• if the client code wants to use the object for its monitor (synchronization, wait/notify) or wants to use the == operator, it is not going to be possible ... hey! wait a minute: the client code is not supposed to know that it is using a Singleton.

Point 2: most singletons are about a context!

  • Most singletons represent something which is external and bound to a context (a System, a spool, a configuration) and the question is: to what context are we bound? a J.V.M? a ClassLoader? a Thread (ThreadLocal objects)? So it is not that uncommon to get different instances representing the context service (even unwillingly: in the case of ASingleton above you may get different instances in a J.V.M if different ClassLoaders are involved).

  • When representing services bound to a context then those singletons are either not serializable or their instance is a representation of a remote context. That is: if JVM1 is sending an instance to JVM2then this instance is representing the context of JVM1 on JVM2 (a remote reference to a service). In that case there could be two different references on JVM2: one of the local context and one of a remote context.

    One could argue that something like a printing service should be accessed locally! But in that case the request for the service should be local (method call) and there is no reason to send an instance! (Only possible exceptions are those of point 3).

    Note: the class Service above is not suited for this remote reference passing since it will get its behaviour only from the static context of the class. (But you can design hybrid codes with local and remote data).

Point 3: singletons as special instances of a service

An example of this is Collections.EMPTY_LIST we have a singleton that implements the List services. In fact this looks like an enum with a single value.

Since those could be elements in a structure (an object has a reference to a List which happens to be an EMPTY_LIST) they should be serialised.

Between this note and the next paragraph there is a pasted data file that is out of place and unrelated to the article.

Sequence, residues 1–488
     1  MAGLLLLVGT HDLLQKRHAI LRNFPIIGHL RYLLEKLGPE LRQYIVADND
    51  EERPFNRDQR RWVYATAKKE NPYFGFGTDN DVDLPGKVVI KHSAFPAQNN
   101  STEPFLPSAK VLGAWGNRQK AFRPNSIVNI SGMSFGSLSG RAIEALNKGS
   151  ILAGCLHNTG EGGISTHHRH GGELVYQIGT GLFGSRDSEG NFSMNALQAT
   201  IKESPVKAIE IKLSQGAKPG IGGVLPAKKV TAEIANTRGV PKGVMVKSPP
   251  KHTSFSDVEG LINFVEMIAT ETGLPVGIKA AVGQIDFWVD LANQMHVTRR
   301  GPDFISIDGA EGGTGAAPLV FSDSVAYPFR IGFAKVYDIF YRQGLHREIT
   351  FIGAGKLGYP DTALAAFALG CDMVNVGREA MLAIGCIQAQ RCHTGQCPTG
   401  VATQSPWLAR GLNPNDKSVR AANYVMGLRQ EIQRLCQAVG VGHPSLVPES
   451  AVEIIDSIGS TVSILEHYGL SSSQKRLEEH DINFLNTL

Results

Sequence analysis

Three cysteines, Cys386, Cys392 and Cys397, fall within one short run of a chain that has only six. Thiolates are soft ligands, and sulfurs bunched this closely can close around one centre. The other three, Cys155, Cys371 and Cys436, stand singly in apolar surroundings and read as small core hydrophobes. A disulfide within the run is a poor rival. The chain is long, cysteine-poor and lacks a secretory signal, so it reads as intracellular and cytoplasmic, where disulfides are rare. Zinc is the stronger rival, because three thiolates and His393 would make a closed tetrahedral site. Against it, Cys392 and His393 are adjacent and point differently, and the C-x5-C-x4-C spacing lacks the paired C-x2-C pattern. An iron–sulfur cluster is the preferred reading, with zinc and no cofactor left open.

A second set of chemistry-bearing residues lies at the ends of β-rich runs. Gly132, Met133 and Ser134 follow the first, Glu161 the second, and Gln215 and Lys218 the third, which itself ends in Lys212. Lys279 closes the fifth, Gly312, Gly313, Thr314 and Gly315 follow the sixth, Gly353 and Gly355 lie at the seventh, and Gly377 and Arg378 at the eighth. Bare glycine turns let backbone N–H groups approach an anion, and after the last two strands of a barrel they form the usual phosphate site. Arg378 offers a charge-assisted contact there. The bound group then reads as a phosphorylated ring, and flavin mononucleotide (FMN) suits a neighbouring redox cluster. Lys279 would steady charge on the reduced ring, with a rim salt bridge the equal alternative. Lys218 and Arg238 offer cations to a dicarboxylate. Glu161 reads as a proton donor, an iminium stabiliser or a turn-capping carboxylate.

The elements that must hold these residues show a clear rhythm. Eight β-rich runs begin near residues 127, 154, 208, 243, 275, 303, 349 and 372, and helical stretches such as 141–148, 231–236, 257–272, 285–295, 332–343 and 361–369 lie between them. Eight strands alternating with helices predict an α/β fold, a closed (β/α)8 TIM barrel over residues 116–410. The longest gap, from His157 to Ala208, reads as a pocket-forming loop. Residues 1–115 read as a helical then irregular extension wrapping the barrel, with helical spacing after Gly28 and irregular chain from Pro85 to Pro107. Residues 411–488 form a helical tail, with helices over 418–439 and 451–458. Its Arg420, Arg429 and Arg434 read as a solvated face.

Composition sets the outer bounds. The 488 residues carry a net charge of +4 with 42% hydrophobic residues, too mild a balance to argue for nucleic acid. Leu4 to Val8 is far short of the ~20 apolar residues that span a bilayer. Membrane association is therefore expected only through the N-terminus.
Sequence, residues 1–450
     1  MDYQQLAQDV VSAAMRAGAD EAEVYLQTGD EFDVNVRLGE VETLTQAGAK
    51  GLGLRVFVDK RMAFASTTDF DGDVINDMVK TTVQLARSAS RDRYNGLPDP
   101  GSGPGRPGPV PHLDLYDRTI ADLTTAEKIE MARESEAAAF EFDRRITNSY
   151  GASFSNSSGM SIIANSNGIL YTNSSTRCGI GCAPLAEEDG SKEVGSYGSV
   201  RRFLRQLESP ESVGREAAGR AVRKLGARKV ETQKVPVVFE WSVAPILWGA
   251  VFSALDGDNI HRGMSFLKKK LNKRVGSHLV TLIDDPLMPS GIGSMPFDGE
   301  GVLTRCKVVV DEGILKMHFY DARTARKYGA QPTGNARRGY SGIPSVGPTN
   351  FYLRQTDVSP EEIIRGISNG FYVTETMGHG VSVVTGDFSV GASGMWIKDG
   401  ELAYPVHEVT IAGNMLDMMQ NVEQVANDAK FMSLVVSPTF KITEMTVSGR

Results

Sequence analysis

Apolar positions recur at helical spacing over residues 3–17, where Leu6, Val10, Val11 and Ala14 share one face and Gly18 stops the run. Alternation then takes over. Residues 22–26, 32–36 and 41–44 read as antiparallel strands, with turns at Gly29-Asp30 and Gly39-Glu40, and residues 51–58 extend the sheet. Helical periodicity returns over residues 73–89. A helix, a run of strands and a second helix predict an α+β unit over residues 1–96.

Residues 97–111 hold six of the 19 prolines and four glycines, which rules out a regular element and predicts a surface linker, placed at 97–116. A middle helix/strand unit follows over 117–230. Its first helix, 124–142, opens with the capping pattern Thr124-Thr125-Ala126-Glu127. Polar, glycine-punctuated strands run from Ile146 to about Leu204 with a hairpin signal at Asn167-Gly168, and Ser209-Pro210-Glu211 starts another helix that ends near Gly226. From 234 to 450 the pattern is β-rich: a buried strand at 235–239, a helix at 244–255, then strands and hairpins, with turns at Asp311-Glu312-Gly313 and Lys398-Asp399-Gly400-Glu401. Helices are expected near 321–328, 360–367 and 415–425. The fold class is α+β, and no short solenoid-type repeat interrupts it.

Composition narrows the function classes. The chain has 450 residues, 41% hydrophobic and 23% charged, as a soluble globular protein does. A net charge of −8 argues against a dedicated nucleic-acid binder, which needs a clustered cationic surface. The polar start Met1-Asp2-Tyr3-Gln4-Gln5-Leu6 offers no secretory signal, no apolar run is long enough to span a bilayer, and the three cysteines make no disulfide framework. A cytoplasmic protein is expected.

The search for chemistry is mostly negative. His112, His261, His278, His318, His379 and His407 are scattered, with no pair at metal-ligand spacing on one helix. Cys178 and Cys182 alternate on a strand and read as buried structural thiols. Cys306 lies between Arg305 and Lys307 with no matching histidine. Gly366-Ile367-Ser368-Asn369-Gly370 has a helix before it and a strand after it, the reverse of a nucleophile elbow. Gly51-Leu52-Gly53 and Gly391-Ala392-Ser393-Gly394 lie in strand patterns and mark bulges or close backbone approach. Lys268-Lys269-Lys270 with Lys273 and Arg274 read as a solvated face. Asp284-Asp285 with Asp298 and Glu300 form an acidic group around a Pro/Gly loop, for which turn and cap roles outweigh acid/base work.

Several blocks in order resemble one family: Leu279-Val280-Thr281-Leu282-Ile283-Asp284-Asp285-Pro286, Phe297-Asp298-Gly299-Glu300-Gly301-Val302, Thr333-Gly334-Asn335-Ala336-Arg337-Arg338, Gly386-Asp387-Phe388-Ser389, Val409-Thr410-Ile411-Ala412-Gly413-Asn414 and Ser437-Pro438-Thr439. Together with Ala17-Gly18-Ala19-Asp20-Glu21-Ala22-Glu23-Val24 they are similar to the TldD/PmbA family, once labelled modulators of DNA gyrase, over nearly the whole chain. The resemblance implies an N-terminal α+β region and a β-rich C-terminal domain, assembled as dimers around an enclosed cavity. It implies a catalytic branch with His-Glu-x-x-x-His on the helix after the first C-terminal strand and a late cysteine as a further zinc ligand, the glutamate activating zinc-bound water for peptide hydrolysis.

Then if you want to use checks such as node == EMPTY_LIST then the unicity of the instance is required (and readResolve used).

May happen! ..... so what?

In my humble opinion the systematic use of readResolve is over-engineering: we are afraid of instance duplication .... should we be afraid of that?

For sure I am interested in examples of singletons that do not match the abovementioned points that will show that it is hard to prove a general point and when confronted with a suspicion of over-engineering there are decisions that rely on risk analysis (we do not have an expert at hand everytime).

(Again the example is a bit far-fetched: there is no big risk involved here).

A side note: this blog entry was written in response to this blog but the editorial process there failed to register a link to this response ... so ?

About Me

My photo
to graduate at my architecture's school I wrote a thesis on "fuzzy" methods (that was in 1974). afterwards I turned software engineer (and later to java evangelist) but this just strenghtened my views on methods ... I'll try to share (though it is hard to write precisely on fuzzy topics). ...